What you said about visiting friends and wishing they were your family, dreading the holidays…all of them for me were never a time of celebrating, of family gatherings. I always knew at some point alcohol would come into play ruining everything. I married very young to make my own family, one like in the storybooks, but I soon learned those are make believe. Still today I guess I’m wishing for more than my family can give. I’ve been invited to a neighbors for tomorrow. She knows my story. She’s very kind.
    I am so happy for you Sean, I truly am, that you’ve found your new freckled family..those who look like you and are proud of it! I know your dad would be proud. For what it’s worth, I as an online friend, am proud of you. I know from whence you came, and I know the courage it takes to become who you are now. God bless you and your family …have a happy and blessed Fourth of July!🙋🇺🇸🇺🇸❣️

    Reply
  13. Allen Wilhite - July 3, 2019 1:38 pm

    Let me tell you how my new day has gone so far. I woke up next to a beautiful red haired, freckled woman who had cooked me some of the best shrimp of my life the night before. Then she fed me a breakfast of fresh peaches so juicy they ran down my chin and toast spread with a cranberry butter I had never even heard of before. We’ve been for a walk on the beach and got things set up so our grandkids can have a fun day in the sun. Can’t get much better than that. Oh, then again there’s always tomorrow. We’ll see you then, Sean. Your Kansas cousins.

    Reply
  14. Janie F. - July 3, 2019 1:51 pm

    My daddy’s family had a lot of red haired, freckle faced people in it but my brother and I took after our mother’s family. This story reminds me of the summers after my parents divorced when brother & I spent time with our Georgia relatives. They were a softball playing bunch & we had a lot of fun with them. Now, our parents are all gone & we’re the older generation but we have some sweet memories of youthful times.

    Reply
  15. agracefilledhome77 - July 3, 2019 1:53 pm

    The grass usually looks greener on the other side but most times the treasure is right in middle of
    the pasture we are standing in. God doesn’t waste anything. My family isn’t perfect and we definitely have our struggles but if you would have us we would love to make our circle bigger. ❤️❤️❤️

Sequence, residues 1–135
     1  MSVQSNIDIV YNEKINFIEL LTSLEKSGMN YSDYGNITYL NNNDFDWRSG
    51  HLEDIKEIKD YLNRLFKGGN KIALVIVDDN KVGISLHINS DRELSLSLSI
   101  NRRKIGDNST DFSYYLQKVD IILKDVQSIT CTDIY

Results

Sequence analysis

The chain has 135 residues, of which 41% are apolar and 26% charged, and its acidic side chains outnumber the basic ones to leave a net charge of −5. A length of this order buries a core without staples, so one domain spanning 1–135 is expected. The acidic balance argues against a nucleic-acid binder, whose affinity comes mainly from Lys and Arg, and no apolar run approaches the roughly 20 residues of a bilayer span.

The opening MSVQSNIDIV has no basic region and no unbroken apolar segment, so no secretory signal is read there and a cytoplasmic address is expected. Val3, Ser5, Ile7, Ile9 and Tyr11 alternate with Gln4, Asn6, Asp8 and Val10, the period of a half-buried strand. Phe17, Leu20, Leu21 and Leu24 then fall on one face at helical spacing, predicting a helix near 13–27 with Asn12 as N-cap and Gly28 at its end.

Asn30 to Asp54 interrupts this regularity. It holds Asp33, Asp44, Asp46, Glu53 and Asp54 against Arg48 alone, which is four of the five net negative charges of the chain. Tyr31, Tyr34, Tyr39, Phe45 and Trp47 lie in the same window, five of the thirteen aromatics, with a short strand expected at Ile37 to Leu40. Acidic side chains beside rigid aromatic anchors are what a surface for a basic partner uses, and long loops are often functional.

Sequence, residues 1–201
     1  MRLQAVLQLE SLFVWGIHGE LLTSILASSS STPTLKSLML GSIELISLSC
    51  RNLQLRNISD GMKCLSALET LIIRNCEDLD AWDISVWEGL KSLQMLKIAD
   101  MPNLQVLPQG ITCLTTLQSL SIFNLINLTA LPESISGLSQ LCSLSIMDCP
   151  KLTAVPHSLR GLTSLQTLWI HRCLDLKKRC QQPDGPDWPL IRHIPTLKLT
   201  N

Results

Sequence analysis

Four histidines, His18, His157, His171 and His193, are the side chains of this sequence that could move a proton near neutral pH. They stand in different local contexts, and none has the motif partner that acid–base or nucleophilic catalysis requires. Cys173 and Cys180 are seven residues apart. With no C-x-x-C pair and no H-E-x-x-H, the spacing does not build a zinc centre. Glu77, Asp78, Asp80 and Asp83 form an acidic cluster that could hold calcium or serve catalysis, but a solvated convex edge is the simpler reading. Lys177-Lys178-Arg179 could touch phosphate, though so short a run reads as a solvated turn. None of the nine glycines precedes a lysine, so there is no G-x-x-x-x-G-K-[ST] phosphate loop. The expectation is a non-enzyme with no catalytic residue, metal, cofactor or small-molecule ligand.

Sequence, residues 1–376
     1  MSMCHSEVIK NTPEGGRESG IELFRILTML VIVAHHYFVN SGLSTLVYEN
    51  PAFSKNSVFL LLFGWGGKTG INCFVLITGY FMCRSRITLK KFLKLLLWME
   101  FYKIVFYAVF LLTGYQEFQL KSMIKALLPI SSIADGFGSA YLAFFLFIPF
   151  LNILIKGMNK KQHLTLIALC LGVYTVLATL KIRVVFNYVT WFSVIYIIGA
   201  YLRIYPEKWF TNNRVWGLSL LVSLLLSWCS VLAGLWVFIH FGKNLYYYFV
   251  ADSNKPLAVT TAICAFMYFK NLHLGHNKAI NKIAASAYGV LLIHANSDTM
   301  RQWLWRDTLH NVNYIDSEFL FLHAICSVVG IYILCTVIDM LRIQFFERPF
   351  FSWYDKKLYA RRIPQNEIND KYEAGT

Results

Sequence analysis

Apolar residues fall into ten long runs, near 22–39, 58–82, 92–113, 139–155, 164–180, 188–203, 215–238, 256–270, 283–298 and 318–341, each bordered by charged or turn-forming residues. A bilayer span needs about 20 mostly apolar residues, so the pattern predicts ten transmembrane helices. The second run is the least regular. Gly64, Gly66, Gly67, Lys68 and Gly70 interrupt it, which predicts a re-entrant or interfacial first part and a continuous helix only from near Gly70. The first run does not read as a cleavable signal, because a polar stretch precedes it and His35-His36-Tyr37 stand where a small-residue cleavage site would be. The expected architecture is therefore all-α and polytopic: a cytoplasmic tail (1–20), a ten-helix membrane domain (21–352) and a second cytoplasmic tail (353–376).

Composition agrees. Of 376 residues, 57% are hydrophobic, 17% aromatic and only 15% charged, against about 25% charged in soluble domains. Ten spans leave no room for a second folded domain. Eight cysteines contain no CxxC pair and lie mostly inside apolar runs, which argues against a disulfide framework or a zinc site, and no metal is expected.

Reply
  16. Mary - July 3, 2019 2:01 pm

    Enjoy the holiday, Sean. And know without a doubt that your dad would be so, so proud of the man you have become!

    Reply
  17. Linda Moon - July 3, 2019 3:41 pm

    Freckled people with Ginger hair ROCK! It is good for me to be with two of them in life and with you via posts, podcasts and performances. A few years ago I met cousins that I’d never seen before. Pretending not to care about family you’ve missed never works. Keep wondering about your father. I’ve never stopped wondering about mine and another father in our family….and I don’t plan to ever stop, even though they’re gone. And, one more thing….Bart is a very wise friend!

    Reply
  18. Jackie Langlow - July 3, 2019 3:45 pm

    Love that everyday, every freckled face,is a gift to you. The older we get, the wiser we become. Happy 4th!

    Reply
  19. H J Patterson - July 3, 2019 4:00 pm

    A happy 4th to you both Sean and Jaime and to all Americans. May we all celebrate how truly great and exceptional this country is. And please thank all our service men and women and first responders for keeping it safe. May God continue to bless this great land.

    Reply
  20. Ken Dunn - July 3, 2019 4:21 pm

    Sean, my friend, from an early life you had in turmoil I’m glad you have found peace and family. It’s always nice to be accepted and be a part of a family even if they aren’t your real family. I had a stepdad and his family accepted me more than my real families so I was and am really blessed. You and Jamie have a great 4th. Rumor is our president will make it a 4th we won’t soon forget.

    Reply
  21. Tim House - July 3, 2019 4:48 pm

    This is blessed. 🙂

    Reply
  22. Janet Mary Lee - July 3, 2019 6:31 pm

    I am so happy for you!! What a wonderful thing to have happened !! Happy 4th to you, Jamie and all your kin! Could not happen to nicer folks!! Your Daddy is smiling down!!
    You also have some great insightful readers!! …… 🙂

    Reply
  23. Joy DeBusk - July 3, 2019 9:12 pm

    Sean